• Creating a concrete example together, right now, during this meeting”: building documents in workshops avoids ping-pong mails and every participant knows and agree on its content - examples: 3 Amigos, Pair Programming, Mob Programming, Event Storming / Model Storming [Brandolini 2015] [Moustier 2020]
  • Generate from static code”: code and building scripts bear some documentation notably through a naming process [Belshee  2019] to increase the code readability as per the LP paradigm. From this grounding, documents can be aggregated through compilation handling thus documents as code (see
  • Generate from executed code”: it could be some workflow states [Fauvel 2020] or from executed tests that would generate some readable logs as a test report (see Sebastien FAUVEL’s piece of code on LD : +
  • “Provide valuable knowledge”: flexible and goal-oriented contents [Fauvel 2020] such as tutorials, how-to's, explanations, or a reference catalog, with parts that can be skipped to allow the "reader" to quickly reach unknown parts; highlighted differences from previous versions or related parts also address this pattern
  • Low-Fidelity”: inviting people to add their inputs to consolidate the knowledge in a “just enough documentation” state of mind [Hoda 2012] [Jan 2013]
  • Low-Tech”: fast media such as whiteboards which drawing captured by a photo is more flexible than tool-based drawing which eases changes - at some tipping point, tools become inevitable along with stable informations
  • Recording changes”: documenting change decisions on wikis with time-stamps and reconciliation mechanisms [Hoda 2012] to rebuild the final picture like the Event Sourcing mechanism [Fowler 2005] [Moustier 2020] or Architecture Decision Records (see here

Refactoring patterns:

  • Bubble Context”: the Decentralize decision-making principle is applied to isolate some knowledge and protect some change
  • Applying 5S” : keeps the documentation clean
  • Applying DDD-like approach”: structures the documentation from both business and technical perspectives
  • Archeology”: practicing archeology must be facilitated by maps of the ground made possible with annotations, tags, summaries, models
  • Biodegradable Transformation”: once the transformation process is over, the document is removed
  • Enforced Legacy Rules”: automating rules with deprecation mechanisms supports people’s efforts

Sharing patterns:

  • Visual facilitation”: drawings are faster to grasp than texts
  • Yokoten”: transverse sharing practice; notably included in some retrospectives
  • Maxims to spread principles”: guidelines worded as easily memorized punchlines to be naturally spread and repeated (eg. “Don’t feed the monster”, “In Rome, do like the Romans do”, …)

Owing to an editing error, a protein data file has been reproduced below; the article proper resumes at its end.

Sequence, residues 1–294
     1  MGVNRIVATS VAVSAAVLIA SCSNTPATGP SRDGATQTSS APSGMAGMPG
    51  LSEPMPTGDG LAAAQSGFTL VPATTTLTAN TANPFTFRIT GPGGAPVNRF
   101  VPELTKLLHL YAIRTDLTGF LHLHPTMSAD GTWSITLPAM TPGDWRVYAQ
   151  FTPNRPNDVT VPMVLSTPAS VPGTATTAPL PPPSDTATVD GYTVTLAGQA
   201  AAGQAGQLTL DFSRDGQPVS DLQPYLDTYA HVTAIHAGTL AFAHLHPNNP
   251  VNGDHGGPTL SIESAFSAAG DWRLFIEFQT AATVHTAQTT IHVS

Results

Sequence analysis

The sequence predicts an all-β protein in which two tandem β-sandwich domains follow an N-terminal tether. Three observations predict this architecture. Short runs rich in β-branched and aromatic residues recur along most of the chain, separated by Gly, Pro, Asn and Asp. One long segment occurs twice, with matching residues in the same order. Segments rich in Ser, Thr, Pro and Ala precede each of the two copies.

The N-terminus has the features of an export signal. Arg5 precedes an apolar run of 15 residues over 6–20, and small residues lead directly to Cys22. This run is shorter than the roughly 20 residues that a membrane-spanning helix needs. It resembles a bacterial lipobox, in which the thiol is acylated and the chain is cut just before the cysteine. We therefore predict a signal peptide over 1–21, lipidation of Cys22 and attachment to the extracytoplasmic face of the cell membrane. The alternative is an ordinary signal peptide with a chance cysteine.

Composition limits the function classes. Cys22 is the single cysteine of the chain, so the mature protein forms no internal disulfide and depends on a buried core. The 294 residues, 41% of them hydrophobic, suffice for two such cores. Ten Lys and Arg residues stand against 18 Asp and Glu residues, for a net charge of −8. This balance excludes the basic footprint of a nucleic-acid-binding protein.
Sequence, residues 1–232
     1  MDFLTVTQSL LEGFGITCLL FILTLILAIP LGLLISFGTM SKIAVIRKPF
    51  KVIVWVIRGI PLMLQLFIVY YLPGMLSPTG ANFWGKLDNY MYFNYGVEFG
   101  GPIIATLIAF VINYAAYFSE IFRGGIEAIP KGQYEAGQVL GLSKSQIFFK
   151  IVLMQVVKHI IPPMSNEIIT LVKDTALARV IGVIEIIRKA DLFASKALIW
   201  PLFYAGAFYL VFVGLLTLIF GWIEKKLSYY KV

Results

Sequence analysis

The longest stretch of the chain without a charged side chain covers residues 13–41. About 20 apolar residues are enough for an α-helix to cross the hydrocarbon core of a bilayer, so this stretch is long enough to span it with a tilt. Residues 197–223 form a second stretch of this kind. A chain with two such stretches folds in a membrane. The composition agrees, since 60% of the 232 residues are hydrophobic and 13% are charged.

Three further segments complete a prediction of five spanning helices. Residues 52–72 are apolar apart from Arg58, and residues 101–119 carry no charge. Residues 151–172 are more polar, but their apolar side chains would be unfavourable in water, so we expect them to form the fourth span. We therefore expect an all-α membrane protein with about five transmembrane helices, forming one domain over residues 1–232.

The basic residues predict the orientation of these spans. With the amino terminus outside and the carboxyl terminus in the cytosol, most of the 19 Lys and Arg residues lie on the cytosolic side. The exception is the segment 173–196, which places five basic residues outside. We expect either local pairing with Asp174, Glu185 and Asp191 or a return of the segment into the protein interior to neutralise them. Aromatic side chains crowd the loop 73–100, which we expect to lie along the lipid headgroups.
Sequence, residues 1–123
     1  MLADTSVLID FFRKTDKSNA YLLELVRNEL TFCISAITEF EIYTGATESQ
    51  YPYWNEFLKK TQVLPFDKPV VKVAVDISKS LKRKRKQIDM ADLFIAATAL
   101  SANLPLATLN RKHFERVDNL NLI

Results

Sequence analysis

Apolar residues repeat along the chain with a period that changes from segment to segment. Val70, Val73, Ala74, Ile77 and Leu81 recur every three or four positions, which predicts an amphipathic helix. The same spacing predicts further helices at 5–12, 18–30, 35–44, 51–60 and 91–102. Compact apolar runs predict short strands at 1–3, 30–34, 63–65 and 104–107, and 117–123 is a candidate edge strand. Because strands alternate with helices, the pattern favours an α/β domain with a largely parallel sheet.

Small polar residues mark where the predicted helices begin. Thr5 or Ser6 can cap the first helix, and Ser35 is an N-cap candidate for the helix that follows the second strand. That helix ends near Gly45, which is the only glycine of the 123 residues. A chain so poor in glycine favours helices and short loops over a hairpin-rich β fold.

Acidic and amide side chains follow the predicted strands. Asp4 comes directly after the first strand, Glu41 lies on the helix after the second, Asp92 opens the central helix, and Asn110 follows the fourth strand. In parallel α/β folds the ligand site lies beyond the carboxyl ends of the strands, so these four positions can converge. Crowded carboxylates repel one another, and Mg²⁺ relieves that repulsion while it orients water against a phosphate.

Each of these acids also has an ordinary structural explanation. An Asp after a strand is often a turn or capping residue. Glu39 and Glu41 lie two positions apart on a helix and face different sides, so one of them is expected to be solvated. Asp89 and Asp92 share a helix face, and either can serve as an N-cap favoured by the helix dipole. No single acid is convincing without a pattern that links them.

• Highlights”: FAQs, digests from knowledge, promoting news, posters, information radiators, animations & events
  • Spaced Learning”: repeated reminders help people building reflexes

Whatever your implementation of those patterns is, you will need to find opportunities to mix activities and do several things at the same time such as

  • coding along with documentation
  • providing (mostly with some code) testable documentation
  • testing both code and documentation
  • agree on the content with stakeholders
  • sharing the content with stakeholders

For instance, Sébastien Fauvel’s approach to LD is an attempt to merge this activity by using test scripts to generate some readable documentation, the documentation is then used as reference to highlight discrepancies with newer versions [Fauvel 2020] [Fauvel 2022].

Along with those patterns, you should also pay attention to some antipatterns such as:

  • Human dedication”: dedicating specific people to documentation will lead Developers to get rid of this task
  • Polished diagrams”: tools supporting standard notations such as UML or BPMN lead people to dig their diagrams deeper as they discover the features of the tool
  • Redundant knowledge”: this lead to the obsolescence issue with deprecated content

Many other patterns and antipatterns can be found [Martraire 2019] and knowing them is the first step to avoid pitfalls and try some practices to start innovating in LD.

To go further

  • [Martraire 2019]: Cyrille Martraire - 2019 - “Living Documentation: Continuous Knowledge Sharing by Design” - isbn:9780134689418

Special thanks to Sébastien FAUVEL
who provided me with his view on LD
and some precious comments on this article.
© Christophe Moustier - 2021